The original source for the story below was the Hong Kong paper Apple Daily. I have taken it from the East West North South blog.
Here are the monthly rental rates (in HKD/square foot) at some of the more famous luxury high-rise apartment complexes.
The Harbour Side, Kowloon Station, HKD 31-42 per square foot
Hillsborough Court, Mid Levels, Hong Kong Island, HKD 27-42 per square foot
However, the winner goes to something completely different at the other end of the wealth spectrum.Between April and June this year, the Society for Community Organisation interviewed 267 residents who live in "cage houses" and boarded rooms in the Shum Shui Po, Tai Kok Tsui, Yau Tsim Mong and To Kwa Wan districts of China.
The study show that the rent for 10.7% of units rose as a result of the financial tsunami, even as much as 40% in one case. The median month rental rate for "cage houses"/boarded rooms rose from 23.9 HKD/square foot in 2007 to 32.9 HKD/square foot. In particular, 20% of the units had month rental rates as high as 93.3 HKD/square foot.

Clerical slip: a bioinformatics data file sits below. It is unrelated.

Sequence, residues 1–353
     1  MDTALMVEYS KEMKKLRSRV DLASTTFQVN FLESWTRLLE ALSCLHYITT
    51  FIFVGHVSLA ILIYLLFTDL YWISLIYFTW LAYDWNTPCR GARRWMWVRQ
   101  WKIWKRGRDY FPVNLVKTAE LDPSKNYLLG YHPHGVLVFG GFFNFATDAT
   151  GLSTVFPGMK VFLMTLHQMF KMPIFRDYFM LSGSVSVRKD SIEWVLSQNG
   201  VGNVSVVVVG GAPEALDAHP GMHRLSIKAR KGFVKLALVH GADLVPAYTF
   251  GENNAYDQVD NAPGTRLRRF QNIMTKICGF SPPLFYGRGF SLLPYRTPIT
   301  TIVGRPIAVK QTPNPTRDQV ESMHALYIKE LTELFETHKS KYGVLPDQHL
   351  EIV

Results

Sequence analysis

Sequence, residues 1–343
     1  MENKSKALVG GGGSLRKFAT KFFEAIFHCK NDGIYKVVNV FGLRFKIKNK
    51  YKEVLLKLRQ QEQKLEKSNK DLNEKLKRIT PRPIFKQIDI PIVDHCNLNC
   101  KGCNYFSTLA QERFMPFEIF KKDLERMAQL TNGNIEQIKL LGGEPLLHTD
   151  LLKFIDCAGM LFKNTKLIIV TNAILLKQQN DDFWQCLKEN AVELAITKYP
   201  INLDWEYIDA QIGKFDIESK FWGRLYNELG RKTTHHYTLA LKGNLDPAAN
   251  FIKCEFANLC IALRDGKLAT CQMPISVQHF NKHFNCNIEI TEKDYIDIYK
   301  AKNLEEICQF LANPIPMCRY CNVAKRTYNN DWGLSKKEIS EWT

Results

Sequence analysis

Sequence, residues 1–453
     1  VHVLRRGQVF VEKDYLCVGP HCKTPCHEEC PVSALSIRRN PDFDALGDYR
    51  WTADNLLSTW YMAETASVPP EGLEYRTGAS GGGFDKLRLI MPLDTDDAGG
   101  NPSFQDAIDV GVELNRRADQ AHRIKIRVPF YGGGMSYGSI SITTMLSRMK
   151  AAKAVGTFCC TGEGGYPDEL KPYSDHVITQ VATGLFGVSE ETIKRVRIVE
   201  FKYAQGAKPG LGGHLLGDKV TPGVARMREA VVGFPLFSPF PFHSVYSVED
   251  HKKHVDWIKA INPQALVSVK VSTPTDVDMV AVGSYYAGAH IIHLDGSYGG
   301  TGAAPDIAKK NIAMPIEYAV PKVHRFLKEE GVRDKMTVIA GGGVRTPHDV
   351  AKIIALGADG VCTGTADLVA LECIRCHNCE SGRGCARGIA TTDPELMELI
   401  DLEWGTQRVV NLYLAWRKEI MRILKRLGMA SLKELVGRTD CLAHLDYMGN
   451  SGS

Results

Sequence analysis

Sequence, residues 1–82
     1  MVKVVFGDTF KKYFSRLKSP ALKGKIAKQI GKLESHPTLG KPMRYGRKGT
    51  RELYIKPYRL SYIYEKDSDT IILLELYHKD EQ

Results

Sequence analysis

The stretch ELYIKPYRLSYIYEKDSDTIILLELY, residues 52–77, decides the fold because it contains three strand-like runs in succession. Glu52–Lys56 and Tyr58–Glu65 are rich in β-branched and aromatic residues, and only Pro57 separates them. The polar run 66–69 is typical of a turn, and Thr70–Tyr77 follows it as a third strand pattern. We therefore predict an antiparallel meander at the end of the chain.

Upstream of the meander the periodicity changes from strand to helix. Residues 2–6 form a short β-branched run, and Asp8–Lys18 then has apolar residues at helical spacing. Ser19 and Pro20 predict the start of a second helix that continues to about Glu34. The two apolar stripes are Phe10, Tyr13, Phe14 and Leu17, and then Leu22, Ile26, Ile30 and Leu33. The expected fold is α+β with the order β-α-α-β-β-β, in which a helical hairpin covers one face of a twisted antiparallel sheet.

The median area of a "cage" is 18 square feet. The public areas of toilet and kitchen are shared by 10 persons.
The survey also showed that 40% of the interviewees were unemployed, twice as high as in 2006. 24% of the interviewees said that their income as diminished by over 30% since the financial tsunami. Most of the "cage house" inhabitants are welfare recipients or low-income earners. Even among those employed interviewees, their median monthly income is 6,000 yuan, which is 40% less than the media monthly income for all Hong Kong. The interviewees pay 30% of their monthly income on rent.
The Society for Community Organisation director said that about 100,000 Hong Kong people reside in "cage houses" and "boarded rooms." Demand is always higher than supply. Therefore, the rent prices have not gone down during the financial tsunami. "The occupancy rate for "cage houses" and boarded rooms" is 100%, so the landlords are not worried about not having any renters."